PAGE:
First up this week, we got a couple of bits from NASA, who frankly have been knocking it out of the PR park these last few weeks in the wake of The Martian. They’ve posted a half hour video of the sun in ultra-HD, which I think is defined as “something higher resolution than the YouTube clip we’re all going to watch it on”.
Says the NASA about their video:
It’s always shining, always ablaze with light and energy. In the ubiquity of solar output, Earth swims in an endless tide of particles. Every time half of the Earth faces the Sun, we experience the brightness of daytime, the Sun’s energy and light driving weather, biology and more. But in space, NASA’s Solar Dynamics Observatory (SDO) keeps an eye on our nearest star 24/7. SDO captures images of the Sun in 10 different wavelengths, each of which helps highlight a different temperature of solar material. In this video we experience images of the Sun in unprecedented detail captured by SDO. Presented in ultra-high definition video (4K) the video presents the nuclear fire of our life-giving star in intimate detail, offering new perspective into our own relationships with grand forces of the solar system.
NASA could not be reached for comment as to whether they should have sent a poet.
What else from NASA? Well, they’ve announced that they’re going to announce something major about Mars’ atmosphere on Thursday afternoon at 2pm EST. So NASA has mastered the Internet age art of teasers for trailers for teaser trailers. But I’m writing this Wednesday night, so stay tuned on the Internet for what it might be. My money is on evidence related to the three-bosomed lady from Total Recall.
Next up, a lot of you are looking forward to the SyFy series The Expanse based on the fantastic series of novels by James SA Corey. It’s getting two episodes on subsequent nights (Dec 14 and 15), but SyFy has now announced that it’s actually going to debut them three weeks early online and on VOD on Nov 23:
The Expanse’s first episode can be viewed via Syfy On Demand, Syfy.com, the Syfy Now App, Hulu, Amazon, Google Play, Vudu, iTunes, Playstation, Xbox, Facebook and YouTube. Additionally, Syfy has partnered with Twitch, Wikia, IGN, IMDb, Good Reads, Crave Online and Roku to host the series premiere with original custom content.
Here’s the full trailer if you haven’t seen it yet:
Meh. It doesn’t look terrible in a complete vacuum, but it’s impossible for it to hold up well compared to the book series, which I quite enjoy. If SyFy’s going to churn out promising series that collapse into forgettability by half way through the soon-to-be-cancelled first season, they could at least just do it with original properties.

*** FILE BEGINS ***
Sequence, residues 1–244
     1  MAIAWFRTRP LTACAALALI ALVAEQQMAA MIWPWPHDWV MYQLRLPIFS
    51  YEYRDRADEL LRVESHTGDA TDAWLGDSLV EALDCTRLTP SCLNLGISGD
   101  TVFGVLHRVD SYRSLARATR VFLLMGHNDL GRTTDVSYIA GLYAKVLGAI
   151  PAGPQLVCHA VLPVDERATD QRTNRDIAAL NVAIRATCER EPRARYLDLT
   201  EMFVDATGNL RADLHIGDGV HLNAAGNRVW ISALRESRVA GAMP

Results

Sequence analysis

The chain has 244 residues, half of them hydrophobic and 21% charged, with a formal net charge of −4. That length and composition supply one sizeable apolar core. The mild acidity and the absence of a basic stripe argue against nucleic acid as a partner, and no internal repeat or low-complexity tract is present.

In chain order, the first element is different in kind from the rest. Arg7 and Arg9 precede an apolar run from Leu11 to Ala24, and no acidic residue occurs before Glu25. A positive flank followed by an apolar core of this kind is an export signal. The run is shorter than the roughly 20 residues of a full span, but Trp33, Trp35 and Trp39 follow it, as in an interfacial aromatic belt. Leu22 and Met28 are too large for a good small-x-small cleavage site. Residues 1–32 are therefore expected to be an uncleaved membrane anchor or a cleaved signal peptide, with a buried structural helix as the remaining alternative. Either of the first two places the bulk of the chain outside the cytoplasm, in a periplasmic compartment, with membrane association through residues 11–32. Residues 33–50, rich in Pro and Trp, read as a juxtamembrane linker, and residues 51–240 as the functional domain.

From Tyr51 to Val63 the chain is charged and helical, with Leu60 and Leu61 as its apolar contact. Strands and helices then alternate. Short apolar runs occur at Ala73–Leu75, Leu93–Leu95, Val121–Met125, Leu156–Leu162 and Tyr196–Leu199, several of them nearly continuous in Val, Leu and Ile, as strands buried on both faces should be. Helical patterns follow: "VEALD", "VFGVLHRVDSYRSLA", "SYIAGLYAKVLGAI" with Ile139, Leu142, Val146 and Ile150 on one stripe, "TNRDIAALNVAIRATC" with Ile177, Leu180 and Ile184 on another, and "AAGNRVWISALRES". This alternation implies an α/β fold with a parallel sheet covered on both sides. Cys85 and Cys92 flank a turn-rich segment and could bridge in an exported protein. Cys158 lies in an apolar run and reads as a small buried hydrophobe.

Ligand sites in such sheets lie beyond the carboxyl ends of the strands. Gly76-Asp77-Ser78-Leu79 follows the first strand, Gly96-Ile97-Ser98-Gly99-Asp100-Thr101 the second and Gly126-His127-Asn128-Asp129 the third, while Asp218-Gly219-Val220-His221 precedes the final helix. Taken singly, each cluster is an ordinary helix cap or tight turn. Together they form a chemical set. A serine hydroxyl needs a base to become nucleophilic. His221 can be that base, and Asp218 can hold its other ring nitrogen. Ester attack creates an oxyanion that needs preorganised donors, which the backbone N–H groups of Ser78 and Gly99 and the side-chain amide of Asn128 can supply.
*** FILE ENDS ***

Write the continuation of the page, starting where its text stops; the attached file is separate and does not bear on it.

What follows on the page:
Book and movie of the week! This week’s were The Three-Body Problem and the film How I Live Now. If you want to comment about either of these, put it in its own comment with the first line being either “The Three-Body Problem Spoilers” or “How I Live Now Spoilers”. Also: if you reply to a comment with one of these spoiler tags, you don’t need to bother putting the spoiler tag yourself. Everyone should just assume that if the top level comment is a spoiler, it’s spoilers all the way down.
The Three-Body Problem Spoilers
This is a tricky book to review, because I really wanted to like it. It has moments of absolute brilliance. Everything that takes place in flashback, into the time of the Cultural Revolution is harrowing and fascinating. The moment when she reveals that she betrayed the location of Earth on purpose because humanity didn’t deserve to survive? Monumental. It reminded me of the particularly brutal passage of The Gulag Archipelago in which it’s described that when the zeks learned of the beginning of the Korean War, they secretly celebrated in the hopes that nuclear war would annihilate their own country.
But nothing else in the book worked for me. I loathed the video game subplot that took up half the book. And the entire thing about unfolding a proton, sending it to Earth, and basically using it to do magic was eyerolling enough, but the fact that it was being used to make scientists believe that experiments don’t work and therefore drive them to suicide? Everything about that supposedly revelatory cliff hanger was just laughable to me.
How I Live Now Spoilers
My original interest was in the fact that it was a low budget post-apocalyptic film with a well-regarded director and an excellent lead. That lasted about ten minutes until it became clear that the story was about a standard annoying teenager and falling in love. The fact that no plot or story actually related to the conflict taking place is supposed to make the film more universal, but all it did was eliminate the only interesting part of the movie. Call me old, but a generic World War III can’t make me give a shit about teenage hormones.
Next week: We’ll read A Talent for War, the first of Jack McDevitt’s Alex Benedict series, and one of my favorites of the series. For a movie, we’ll go with Monsters, which TK thought was fantastic in those ancient days before Disqus.